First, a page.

Alas that's not what i got. What I got was Rødby - possibly the shittiest place in the world. The place was grim looking and dead. Straight away I noticed too that prices here in Denmark are much more than other places so far. I bought a coke, 16 kroner. At 10 to the pound that's not something I'll be doing too often. I have since noticed that thanks to monsieurs Carlsberg and Tuborg beer (or øl as they call it here) prices are extremely cheap. A bottle of beer costs about 8kr, thats half a coke or a water or anything else. It's a wonder that there isn't a serious drinking problem here (maybe there is - just round the corner from my hostel here in copenhagen there's a whole bunch of drunks - the area is kinda like the Cowley road area of Oxford but bigger, ie. perrenially up and coming from a working class backgound). Anyway it was 6pm and I chatted briefly with a young danish girl who explained she was waiting to leave Rødby asap as it was about the worst place imaginable even to the Danes. Her friend came and picked her up, so I was left to my bike and to find a place to camp for the night. In the back of my mind was a worry that according to the Lonely Planet wild camping is not permitted anywhere in Denmark. There apparently is a guide (which I've now seen thanks to a guy called Nuno who i met on the road today, but more later on that) that lists all the farmland where campers are welcome to pitch up for a small fee. Alas I didn't have it as there were a couple of places close to Rødby I could have used. Anyway I chanced upon a lovely cycle track through a forest near a place called Søholt which seemed to have a huge manor. About a mile up the track I met with an amazing forest scene and I thought this is the perfect place to camp. The ground was soft and free of foliage between the tall trees (see photo). I pushed the bike about 70m into the forest and found a perfect spot. Briefly I considered that I was probably still visible from the road, but what were the chances of anyone coming by - it was already 9pm. I set up camp and was just tucking into some instant noodles when the worst happened. A noticed a 4 wheel drive passing and then just as I noticed it, it stopped. Then reversed back a few metres. I could feel the occupants staring at me. Next thing I know the 4-wheel drive is driving towards me through the forest and regardless of the undergrowth. This clearly is not going to be a friendly welcome to Denmark.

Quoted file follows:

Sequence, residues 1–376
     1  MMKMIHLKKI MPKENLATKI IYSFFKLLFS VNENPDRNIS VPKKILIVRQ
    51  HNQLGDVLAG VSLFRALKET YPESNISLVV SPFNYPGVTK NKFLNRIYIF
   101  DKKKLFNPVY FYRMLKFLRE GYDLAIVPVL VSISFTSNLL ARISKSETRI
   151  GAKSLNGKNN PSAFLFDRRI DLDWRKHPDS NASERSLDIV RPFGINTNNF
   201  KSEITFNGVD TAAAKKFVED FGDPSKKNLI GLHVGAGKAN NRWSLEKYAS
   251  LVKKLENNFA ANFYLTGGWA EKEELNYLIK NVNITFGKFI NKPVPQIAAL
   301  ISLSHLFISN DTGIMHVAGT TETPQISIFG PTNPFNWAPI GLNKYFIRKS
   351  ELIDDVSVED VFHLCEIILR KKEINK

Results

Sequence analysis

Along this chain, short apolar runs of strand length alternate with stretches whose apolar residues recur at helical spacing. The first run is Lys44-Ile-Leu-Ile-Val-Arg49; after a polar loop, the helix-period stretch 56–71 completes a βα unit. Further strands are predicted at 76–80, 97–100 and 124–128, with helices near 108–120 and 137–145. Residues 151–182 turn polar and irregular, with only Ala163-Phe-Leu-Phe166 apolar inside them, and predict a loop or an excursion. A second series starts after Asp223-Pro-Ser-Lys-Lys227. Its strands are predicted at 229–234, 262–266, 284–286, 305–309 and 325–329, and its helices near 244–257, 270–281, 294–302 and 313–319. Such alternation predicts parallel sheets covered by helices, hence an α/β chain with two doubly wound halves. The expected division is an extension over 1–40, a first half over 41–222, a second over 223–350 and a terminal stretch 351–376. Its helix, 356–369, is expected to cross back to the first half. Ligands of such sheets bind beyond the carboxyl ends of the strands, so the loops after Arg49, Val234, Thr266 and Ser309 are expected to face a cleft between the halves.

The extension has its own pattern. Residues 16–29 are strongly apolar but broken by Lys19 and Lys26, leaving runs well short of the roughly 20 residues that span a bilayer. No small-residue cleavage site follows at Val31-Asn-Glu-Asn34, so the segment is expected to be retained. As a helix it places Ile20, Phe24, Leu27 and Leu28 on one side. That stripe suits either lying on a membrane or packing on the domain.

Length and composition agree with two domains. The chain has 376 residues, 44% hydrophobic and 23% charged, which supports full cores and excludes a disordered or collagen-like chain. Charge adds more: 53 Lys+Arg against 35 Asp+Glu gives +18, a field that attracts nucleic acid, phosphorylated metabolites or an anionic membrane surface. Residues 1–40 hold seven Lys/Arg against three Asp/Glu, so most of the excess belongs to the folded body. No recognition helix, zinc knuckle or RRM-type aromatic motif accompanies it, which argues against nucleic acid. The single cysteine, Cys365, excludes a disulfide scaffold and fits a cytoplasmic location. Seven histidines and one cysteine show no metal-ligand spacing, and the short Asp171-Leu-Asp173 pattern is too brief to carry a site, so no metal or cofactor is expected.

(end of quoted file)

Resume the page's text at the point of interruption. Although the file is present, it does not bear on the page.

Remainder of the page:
I brace myself for the worst, whilst slurping on my noodles. I try not to show my fear as the passenger jumps out. He's clearly a forest ranger type. He shouts at me. I say 'sorry do you speak english?'. He softened a littled and replied 'Get out immediately, it's illegal to camp here. You must leave NOW!' So you get the idea that I was forced to leave my lovely campsite - well if I'd stayed imagine the trouble in the morning if they'd come back to check. I reckon this was the private forest of some Danish lord that i'd inadvertantly encroached up. So I was somewhat troubled. By this time it was 10.30pm and getting dark. I had to pack up the tent then get back out on the road and find somewhere else. So I donned my helmet for the first time since leaving gent and my cycle light and cycled off into the night. I feared the worst that I might be cycling a long time into the night, but as luck would have it I found a picnic area not mcuh more that a few miles away with a bit of flat ground hidden from the road behind some bushes. I put the tent up in the dark for fear that my lights might attract more unwanted attention.